An example may clarify the relevant distinction. Professional sports leagues were organized by creating teams linked to geographic localities (typically cities). Observation indicates that most people root for and identify with teams based on “tribal” factors like geography. On the other hand, some people derive pleasure from sports based purely on the athletic excellence displayed, regardless of geographic loyalty. If tribal loyalty is itself an originary source of happiness or utility, economists have no basis for decrying it. But the suggestion that tribal loyalty should be artificially elevated above otherwise higher-ranking considerations of economic efficiency is wrong.

There is nothing wrong with being a fan of the New York Yankees. There is nothing wrong with living in New York and being a fan of the New York Yankees. But saying that New York residents must (or should) be Yankees fans is wrong. And the inherent meaning of buying local is that natural market outcomes cannot be trusted and must be overridden in favor of local loyalty. Otherwise, why would we need the slogan?

Most people are quite willing to subordinate the appreciation of athletic excellence to tribal loyalty because it costs them little or nothing to do so. But in cases where it does cost- perhaps quite heavily – to elevate the tribe above all else, it is idiotic to do so.

Price and Perishability

This is the moment to point out that local production has its own set of countervailing advantages and efficiencies, sometimes offsetting those of mass production and national markets. The beauty of free markets is that these are already reflected in the data generated by market competition – we do not need the artificial intervention of BL to make us aware of them.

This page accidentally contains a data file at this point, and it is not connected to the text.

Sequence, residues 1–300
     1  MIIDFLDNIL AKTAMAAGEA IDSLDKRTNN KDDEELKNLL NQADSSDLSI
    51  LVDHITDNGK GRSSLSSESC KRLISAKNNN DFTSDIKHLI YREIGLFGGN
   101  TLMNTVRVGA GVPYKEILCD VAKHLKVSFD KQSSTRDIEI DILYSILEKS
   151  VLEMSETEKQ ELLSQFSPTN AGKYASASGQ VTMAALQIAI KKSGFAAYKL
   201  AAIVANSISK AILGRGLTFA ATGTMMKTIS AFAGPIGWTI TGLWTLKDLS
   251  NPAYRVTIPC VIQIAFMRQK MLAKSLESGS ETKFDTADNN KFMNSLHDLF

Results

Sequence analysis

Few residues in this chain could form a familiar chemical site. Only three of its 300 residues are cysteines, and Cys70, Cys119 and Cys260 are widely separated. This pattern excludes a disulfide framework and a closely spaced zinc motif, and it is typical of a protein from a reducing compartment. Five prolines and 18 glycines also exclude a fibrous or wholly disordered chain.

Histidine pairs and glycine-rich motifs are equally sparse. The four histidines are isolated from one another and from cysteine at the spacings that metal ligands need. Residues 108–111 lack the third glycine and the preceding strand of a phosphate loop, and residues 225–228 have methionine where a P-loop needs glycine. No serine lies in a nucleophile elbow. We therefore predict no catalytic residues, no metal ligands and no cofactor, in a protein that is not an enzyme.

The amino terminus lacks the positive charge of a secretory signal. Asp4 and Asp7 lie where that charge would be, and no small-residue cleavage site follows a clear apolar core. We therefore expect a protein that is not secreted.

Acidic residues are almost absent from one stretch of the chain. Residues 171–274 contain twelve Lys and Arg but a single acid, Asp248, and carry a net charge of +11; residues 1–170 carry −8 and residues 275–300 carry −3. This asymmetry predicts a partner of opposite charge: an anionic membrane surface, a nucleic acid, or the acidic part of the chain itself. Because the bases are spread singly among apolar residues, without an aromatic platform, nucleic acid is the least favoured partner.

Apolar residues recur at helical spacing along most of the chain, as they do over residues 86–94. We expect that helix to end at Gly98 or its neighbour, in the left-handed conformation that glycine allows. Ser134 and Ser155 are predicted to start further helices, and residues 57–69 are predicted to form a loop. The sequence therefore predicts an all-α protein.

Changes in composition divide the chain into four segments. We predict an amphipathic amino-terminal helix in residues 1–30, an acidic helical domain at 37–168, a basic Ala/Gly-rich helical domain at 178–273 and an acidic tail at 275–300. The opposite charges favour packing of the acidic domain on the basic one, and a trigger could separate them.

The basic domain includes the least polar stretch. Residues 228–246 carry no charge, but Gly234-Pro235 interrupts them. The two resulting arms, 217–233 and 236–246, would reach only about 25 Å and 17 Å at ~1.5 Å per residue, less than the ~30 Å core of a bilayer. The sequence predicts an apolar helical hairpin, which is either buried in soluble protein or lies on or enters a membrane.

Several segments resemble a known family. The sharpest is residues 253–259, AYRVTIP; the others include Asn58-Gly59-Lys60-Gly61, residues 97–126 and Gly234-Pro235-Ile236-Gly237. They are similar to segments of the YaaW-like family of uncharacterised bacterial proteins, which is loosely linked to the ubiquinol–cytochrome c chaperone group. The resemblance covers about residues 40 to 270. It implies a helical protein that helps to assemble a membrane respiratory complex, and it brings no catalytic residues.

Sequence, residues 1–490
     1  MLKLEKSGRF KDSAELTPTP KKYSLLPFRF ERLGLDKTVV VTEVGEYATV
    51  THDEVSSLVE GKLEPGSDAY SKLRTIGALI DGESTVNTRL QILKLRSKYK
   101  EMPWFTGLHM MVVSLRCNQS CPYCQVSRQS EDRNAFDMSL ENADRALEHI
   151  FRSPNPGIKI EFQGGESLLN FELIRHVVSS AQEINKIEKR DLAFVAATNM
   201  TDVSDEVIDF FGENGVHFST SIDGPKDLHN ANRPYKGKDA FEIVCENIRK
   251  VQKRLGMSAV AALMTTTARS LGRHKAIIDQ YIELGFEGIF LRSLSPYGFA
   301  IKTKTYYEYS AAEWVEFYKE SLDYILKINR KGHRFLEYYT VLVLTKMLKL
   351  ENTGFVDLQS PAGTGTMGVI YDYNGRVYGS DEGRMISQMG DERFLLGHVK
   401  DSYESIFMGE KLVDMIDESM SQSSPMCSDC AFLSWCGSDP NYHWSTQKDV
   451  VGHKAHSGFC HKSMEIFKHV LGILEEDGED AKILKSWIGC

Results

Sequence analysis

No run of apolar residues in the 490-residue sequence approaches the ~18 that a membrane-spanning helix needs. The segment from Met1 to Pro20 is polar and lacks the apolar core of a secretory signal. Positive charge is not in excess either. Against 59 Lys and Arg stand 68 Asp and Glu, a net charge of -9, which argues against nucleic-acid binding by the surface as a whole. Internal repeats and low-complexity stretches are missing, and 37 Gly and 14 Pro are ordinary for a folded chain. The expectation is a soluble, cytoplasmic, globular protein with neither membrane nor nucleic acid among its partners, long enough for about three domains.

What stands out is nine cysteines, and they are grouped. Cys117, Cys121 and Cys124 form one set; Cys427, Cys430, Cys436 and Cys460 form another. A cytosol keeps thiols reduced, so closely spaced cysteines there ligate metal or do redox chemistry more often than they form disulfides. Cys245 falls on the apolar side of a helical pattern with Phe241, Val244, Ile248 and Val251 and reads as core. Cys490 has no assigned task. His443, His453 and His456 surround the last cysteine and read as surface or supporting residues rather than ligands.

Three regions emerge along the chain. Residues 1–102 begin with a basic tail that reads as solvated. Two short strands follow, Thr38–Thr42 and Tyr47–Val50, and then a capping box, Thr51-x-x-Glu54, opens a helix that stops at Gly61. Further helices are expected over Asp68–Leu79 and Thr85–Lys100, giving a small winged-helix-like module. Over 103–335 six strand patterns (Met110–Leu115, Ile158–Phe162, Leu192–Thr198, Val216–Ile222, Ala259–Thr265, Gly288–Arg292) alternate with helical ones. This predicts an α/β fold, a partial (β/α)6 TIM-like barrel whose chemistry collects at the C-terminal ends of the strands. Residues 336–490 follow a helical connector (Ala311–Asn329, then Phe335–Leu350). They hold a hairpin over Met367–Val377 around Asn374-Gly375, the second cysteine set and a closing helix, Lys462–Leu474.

One of the most frequently cited products by BL advocates is local produce. This is hardly surprising. Consumers across America have come to know and love the products purchased in New York’s Fulton Fish Market, San Francisco’s Fisherman’s Wharf and the Farmer’s Market in Los Angeles’ Westwood Village. There are sound economic reasons why these markets arose and endured throughout the era of corporate farming and aquaculture.

After goods are produced, they must find their way into the hands of consumers. Since the locus of production is chosen to minimize production costs, it will be close to some consumers but distant from others. The price of any good must reflect not only the costs of production but also the costs of transportation from production site to the consumer. In this respect, local production has a built-in advantage – by definition, transport costs are lower for local production than for non-local. But this advantage is automatically conveyed to consumers via the price system, in the form of a lower price – or rather, a lower transport-cost component of the price. This invisibly nudges consumers towards local production. There is no need to interpose BL in the decisionmaking process. Of course, the influence of lower transport costs may not be decisive, since other factors may more-than-counterbalance it.

Although economics textbooks sometimes downplay the fact, quality is a choice variable no less important than price. One drawback of produce is its perishability. Local production enjoys another automatic advantage over non-local here and in the closely-related characteristic of freshness. And once again, markets transmit the qualitative superiority of local produce to consumers without the quasi-coercive force of BL being applied. The continuing survival of city produce markets and roadside vegetable stands is tacit evidence of this.

BL in Action